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  4. Let's take it further. There are two lists. If you are a gun owner, contribute to Tea Party causes, or click on sites like this one, you are on the "bad" list. Medical records, credit card records, Internet history, they are not about finding the bad guys or protecting us against crime. They are about finding leverage against those on the "bad" list. The lists are already filled out and you have your place in them. The gun registry is not useful, it is strictly for intimidation. And that is why these bad guys are not intercepted, because that is not what all this data collection is for. Otherwise much of this stuff would not be going on, where people blow things up and "go off" on masses of people.

    Dutch

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  5. Mr. Amselem is spot on with the ultimate intent of the Feds doing deep background check rather than the yes/no check of today. Its obvious if a President Obama had such a system, executive orders would go down the line to match applicants to NSA data to find out who is an Obama supporter and who isn't...just like the IRS used its vast databases to screw Obama opponents. This would be politicized beyond belief.

    The basic truth is that the more the government, at all levels, knows about us and captures data about us, the surer the data will be abused and citizens will be harmed.

    Information is power. Power in the hands of government is always aggrandized. Ultimately unlimited power is also unlimited information.

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  6. paul_vincent_zecchinoSeptember 18, 2013 at 6:11 PM

    There was already an attempt to disarm the American people by means of this 'mental health background check' ruse.

    Ca. 2007, Senator John Coburn, R-OK, who is also an M.D., worked tirelessly to stop the usual suspects from passing a bill which empowered 'tribunals' to 'adjudicate mentally ill persons as unfit to own firearms' by means of establishing massive data base.

    Stop me when this sounds familiar.

    Who comprised the 'tribunals'? Judges, you ask, as the term implies three of them? Why no. A 'tribunal' was defined as any ATF agent who happened to be around the office the day your name came up.

    What was their criteria for pronouncing you unfit? Simple. Anyone who ever saw a high-school guidance counselor for job advice was clearly receiving mental health treatment for serious issues and thus was to be adjudicated unfit.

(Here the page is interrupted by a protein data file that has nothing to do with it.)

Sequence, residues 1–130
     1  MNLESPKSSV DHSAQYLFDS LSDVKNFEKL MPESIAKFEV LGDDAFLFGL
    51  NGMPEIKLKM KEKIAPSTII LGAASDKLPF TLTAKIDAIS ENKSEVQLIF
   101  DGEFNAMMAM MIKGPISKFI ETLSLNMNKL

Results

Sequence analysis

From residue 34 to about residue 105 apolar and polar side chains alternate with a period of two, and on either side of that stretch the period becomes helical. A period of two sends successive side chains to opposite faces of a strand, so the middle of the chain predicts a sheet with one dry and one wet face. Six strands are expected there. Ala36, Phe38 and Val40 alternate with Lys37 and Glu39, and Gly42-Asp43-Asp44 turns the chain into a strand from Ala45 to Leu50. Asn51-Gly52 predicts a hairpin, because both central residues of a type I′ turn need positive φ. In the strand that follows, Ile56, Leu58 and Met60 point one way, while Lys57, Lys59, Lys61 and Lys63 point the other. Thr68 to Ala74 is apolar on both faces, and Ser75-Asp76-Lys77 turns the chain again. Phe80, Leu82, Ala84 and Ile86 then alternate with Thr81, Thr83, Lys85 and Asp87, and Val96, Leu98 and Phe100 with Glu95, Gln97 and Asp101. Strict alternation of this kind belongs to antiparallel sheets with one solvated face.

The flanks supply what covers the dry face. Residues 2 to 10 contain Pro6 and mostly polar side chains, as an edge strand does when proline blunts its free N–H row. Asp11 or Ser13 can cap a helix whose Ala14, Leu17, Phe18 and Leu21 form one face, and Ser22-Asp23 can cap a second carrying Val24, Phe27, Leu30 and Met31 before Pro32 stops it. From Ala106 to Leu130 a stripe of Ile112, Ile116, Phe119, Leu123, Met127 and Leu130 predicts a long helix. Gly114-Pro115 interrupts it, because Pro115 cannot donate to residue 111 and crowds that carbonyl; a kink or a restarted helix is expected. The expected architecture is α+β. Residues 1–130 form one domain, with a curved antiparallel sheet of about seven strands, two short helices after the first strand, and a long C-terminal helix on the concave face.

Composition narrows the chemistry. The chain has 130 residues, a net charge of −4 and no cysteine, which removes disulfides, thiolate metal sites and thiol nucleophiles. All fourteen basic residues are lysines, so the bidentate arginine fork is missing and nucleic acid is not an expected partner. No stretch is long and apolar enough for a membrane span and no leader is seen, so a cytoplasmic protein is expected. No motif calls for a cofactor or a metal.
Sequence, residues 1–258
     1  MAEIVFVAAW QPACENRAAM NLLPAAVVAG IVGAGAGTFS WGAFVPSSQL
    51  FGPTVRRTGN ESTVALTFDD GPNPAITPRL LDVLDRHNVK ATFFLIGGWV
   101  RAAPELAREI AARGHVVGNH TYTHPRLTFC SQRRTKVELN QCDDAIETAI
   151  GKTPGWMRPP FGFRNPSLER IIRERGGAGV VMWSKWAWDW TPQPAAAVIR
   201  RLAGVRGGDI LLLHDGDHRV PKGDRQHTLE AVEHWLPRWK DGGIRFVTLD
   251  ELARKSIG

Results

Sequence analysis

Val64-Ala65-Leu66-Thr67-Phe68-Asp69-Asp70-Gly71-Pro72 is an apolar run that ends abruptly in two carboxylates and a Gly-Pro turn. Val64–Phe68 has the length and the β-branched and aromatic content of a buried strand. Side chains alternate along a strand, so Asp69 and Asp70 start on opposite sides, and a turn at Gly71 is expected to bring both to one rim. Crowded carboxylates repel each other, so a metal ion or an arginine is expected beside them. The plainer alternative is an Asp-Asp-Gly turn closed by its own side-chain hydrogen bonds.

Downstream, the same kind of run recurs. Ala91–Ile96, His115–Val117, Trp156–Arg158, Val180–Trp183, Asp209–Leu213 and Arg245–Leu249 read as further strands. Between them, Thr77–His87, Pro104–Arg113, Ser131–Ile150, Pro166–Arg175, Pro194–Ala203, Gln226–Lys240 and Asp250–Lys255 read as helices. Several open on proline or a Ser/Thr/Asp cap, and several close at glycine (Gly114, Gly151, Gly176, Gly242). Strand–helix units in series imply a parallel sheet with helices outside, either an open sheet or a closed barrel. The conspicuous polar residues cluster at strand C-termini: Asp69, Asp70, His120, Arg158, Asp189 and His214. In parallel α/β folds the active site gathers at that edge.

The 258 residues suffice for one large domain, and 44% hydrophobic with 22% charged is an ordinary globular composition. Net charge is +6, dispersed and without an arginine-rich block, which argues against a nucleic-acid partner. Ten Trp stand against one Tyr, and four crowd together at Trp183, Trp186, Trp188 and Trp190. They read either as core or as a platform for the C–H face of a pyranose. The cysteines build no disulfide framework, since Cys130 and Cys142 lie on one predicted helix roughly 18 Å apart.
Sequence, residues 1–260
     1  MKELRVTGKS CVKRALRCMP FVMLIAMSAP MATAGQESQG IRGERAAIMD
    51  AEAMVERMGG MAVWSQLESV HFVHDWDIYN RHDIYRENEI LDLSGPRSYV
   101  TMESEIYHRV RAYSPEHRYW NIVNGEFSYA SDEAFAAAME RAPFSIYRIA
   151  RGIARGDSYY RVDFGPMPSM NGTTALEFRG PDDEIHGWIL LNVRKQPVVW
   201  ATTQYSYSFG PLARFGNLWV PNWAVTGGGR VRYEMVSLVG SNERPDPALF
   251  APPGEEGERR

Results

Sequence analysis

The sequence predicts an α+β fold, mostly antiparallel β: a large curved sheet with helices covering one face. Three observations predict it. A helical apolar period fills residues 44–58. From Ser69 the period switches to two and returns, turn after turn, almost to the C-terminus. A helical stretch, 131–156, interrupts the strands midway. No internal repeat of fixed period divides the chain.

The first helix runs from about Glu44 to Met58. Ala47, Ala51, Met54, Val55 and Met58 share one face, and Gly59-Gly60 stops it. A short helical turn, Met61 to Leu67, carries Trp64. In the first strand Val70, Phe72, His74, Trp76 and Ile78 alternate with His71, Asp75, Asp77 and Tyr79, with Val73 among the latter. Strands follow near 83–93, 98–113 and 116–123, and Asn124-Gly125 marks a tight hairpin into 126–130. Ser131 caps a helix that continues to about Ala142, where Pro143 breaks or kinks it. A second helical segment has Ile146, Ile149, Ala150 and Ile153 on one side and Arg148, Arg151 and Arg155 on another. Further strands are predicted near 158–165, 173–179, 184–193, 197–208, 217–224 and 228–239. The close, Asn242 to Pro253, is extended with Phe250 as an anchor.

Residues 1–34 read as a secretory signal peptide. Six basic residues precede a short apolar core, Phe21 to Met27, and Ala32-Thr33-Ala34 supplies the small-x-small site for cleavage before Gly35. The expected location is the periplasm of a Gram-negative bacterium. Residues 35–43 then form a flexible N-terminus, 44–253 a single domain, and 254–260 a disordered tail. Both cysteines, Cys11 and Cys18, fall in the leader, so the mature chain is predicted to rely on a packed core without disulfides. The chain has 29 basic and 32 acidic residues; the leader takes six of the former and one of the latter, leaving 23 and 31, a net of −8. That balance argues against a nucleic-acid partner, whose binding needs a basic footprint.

Anyone whose family physician prescribed them a mild sedative to help sleep subsequent to the loss of a loved one was clearly 'mentally unfit to own firearms'.

    Bush was reportedly all set to go with this stalinistic scheme. Only the efforts of Senator Coburn, like minded senators, pro-gun groups and citizens who use the Net to bypass media propaganda and as well to learn the truth the media conceals stopped this.

    So there's precedent and anyone who falls for this 'mentally ill' ruse deserves all they'll get, good and hard as Mencken would say.

    States which studied this and demurred said that another destructive consequence is that people, once they learn of this, will not seek any kind of help for fear of winding up on yet another 'no rights' database, while of course criminals and the real triple-A sickolas will have all the firearms they desire.

    ReplyDelete
  7. I haven't been able to find a demographic breakdown as to age, gender or race of victims at the Navy Yard. Do we know if the shooter knew any of his victims? One fellow described seeing the guy next to him shot, yet seemed to think he 'randomly' was spared. Since the shooter worked there, I wonder??

    Also, have you seen the info re Libya not letting us in to look for bad guys??

    http://is.gd/rezvf6

    Purportedly the refusal comes because those in charge say things are too turbulent (can't remember the wording)...

    ReplyDelete
    Replies
    1. Dymphna, there was a victim breakdown on the BBC's website that I saw and the majority of the victims were 50+ which makes the killer even more of a coward in my view.

      Delete
  8. oh my. Karmic word selection by the robot:

    hitdept??? Well, at least the numbers weren't 666

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  9. When the FBI does a background check on someone for another federal government agency, they do not come back with a pass/fail, they come back with a report. It is up to the requesting agency to decide whether what is reported is sufficient to deny a clearance. If they are concerned with "affirmative action" and "affirmative retention", or politics like with Muslim Brotherhood Huma, they can let a lot go.

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  10. paul_vincent_zecchinoSeptember 18, 2013 at 10:07 PM

    The Left has long and consistently stated that its goal is to use all necessary means to eliminate private gun ownership on part of law abiding citizens. Criminals and the politicians who find them to be so useful shall be exempted, or course.